Taking care of someone who has complex needs or working as a night carer is not equal working as an elderly carer. You might haven’t worked with elderly people yet but there could be times when you need to. We give you some tips on how to deal with them and what to look out for.
Taking care of an elderly person means you need to pay special attention. Your routine will include everyday tasks like dressing up, preparing meals, eating together and making sure they are taking their medicines and also going out for a walk or do some kind of exercises.
To give them something extra that will make a difference in their life, read on and see our top tips.
When it comes to communication, you need to be patient with your patients. They are not young anymore and they might have some hearing issues too.
Try to speak slowly and don’t ask complicated questions. The question should be simple and direct. For example, instead of asking “How are you?” ask “Are you feeling all right today?” or “Are you tired?” They are easier YES or NO questions to answer to.
Looking into their eyes and calling them on their names can give you, as a carer an assurance that they understand what you are saying or asking them to do.
You can encourage a conversation easier if you touch their hands, so they know you want something.
Let’s be honest, the young generation can forget about how important exercising is and just push it to the following day.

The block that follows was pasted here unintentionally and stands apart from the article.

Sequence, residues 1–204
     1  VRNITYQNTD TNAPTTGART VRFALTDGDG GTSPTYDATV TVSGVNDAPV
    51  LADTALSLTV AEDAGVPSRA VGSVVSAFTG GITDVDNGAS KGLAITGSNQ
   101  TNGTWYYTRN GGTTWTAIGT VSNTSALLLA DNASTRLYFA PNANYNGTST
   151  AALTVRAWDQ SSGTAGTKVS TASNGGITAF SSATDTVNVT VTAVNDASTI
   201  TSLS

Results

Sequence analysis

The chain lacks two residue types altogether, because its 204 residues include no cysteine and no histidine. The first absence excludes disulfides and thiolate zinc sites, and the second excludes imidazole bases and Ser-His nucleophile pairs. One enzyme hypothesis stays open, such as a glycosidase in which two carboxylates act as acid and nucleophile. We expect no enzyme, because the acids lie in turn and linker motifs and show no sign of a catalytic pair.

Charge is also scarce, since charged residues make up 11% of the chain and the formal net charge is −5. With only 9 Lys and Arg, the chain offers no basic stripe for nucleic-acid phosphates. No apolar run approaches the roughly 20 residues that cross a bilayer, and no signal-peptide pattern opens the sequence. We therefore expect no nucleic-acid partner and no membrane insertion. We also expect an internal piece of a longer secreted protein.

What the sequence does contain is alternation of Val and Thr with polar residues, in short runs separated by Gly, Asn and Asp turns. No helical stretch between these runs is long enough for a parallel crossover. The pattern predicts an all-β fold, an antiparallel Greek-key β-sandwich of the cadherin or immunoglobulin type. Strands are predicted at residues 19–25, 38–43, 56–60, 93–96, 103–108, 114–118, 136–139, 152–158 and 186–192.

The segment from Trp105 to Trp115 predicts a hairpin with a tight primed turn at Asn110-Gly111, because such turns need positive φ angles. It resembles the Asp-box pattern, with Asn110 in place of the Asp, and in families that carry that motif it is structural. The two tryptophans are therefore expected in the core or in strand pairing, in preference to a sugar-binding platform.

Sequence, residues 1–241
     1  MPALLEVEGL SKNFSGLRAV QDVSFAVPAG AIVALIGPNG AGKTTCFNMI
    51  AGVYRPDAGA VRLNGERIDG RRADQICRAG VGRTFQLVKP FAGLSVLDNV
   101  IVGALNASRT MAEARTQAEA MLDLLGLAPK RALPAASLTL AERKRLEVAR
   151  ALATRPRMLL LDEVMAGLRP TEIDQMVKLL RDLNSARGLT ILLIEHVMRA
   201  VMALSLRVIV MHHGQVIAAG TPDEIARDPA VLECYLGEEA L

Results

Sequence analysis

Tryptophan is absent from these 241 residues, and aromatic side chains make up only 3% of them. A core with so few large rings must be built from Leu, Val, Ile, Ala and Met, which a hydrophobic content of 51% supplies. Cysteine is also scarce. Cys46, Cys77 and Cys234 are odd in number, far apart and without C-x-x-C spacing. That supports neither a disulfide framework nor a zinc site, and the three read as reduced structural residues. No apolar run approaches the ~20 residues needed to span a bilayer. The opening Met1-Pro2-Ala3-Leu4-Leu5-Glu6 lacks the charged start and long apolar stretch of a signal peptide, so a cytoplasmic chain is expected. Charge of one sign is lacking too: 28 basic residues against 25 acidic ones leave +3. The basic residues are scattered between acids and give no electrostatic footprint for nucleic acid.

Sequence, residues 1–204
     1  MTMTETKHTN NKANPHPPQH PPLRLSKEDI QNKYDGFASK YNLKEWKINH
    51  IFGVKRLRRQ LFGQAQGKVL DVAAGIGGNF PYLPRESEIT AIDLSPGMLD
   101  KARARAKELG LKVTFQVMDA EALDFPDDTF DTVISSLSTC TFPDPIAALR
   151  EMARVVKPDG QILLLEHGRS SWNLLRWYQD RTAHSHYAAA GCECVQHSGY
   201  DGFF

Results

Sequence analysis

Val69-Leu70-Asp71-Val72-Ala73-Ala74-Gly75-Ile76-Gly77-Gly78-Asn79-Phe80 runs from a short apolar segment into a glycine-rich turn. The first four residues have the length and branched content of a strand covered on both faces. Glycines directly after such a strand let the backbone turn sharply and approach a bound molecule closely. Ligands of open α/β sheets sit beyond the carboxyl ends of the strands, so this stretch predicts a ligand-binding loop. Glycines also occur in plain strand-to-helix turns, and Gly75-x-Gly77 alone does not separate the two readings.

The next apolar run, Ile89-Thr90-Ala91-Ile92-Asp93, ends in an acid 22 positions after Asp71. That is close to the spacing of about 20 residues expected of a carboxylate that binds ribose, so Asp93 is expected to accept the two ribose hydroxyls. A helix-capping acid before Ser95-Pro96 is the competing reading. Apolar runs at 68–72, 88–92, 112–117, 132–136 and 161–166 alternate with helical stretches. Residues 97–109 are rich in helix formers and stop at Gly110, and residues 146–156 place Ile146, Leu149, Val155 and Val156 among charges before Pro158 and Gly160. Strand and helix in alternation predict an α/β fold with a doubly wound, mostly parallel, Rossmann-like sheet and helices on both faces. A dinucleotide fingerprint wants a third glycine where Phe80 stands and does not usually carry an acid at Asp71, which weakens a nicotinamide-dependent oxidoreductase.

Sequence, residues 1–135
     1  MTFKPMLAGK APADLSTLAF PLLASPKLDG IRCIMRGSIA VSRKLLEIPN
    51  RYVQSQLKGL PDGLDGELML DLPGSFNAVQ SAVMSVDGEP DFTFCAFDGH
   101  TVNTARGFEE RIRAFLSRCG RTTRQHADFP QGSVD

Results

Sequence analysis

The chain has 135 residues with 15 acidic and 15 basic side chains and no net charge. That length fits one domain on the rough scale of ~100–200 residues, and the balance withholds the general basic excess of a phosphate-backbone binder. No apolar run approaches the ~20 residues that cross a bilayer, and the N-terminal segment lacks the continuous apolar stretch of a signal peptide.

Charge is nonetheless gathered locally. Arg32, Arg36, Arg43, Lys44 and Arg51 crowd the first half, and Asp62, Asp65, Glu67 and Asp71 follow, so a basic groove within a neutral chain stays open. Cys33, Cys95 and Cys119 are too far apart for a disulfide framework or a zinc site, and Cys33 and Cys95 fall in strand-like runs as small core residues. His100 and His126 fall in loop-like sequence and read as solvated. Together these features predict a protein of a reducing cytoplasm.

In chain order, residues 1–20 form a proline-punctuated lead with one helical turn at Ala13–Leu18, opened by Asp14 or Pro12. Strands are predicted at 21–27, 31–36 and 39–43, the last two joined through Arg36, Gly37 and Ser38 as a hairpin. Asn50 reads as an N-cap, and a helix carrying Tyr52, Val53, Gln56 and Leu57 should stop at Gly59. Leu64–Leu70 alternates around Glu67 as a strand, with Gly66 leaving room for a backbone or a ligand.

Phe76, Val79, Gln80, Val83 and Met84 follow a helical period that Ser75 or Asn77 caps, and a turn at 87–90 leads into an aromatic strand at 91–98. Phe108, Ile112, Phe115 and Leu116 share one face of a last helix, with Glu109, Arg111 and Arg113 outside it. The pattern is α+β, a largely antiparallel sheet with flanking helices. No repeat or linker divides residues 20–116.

Imagine it, how hard it could be for an elderly person. But in their case, it’s even more important to do any sorts of exercises during the week, 2-3 times as a minimum.
How to encourage them to do them?
The exercise can be as simple as letting them help with the household cleaning, go to the store to do the grocery shopping.
It doesn’t have to be a walk that takes hours, just a small one in the park where they can get some fresh air.
Of course, there are plenty of other options you can choose from. But they are most probably need to be paid for. As a carer, you just try to encourage them to do a little bit of activity every day.
Bathing and getting them dressed
This can be a sensitive topic to step into for you as a carer and for your patients too. They can be embarrassed that someone else needs to do it because they are not capable of it anymore. Be empathetic and understand how they feel.
As a starter, set a bathing schedule that meets their needs. The environment should be peaceful and keep the conversation natural.
When bathing someone, it’s really important to check for safety hazards. The bathroom gives a perfect opportunity for a fall. Don’t look over things that you know wouldn’t give any problem to you! You might won’t fall over a towel that lays on the floor but it could lead to an accident when you are with an elderly person.
There are plenty of other things to look out when being an elderly carer but we only collected the most important and common ones.
These things will come naturally once you have experience. Of course, it depends on the person you are looking after as well.
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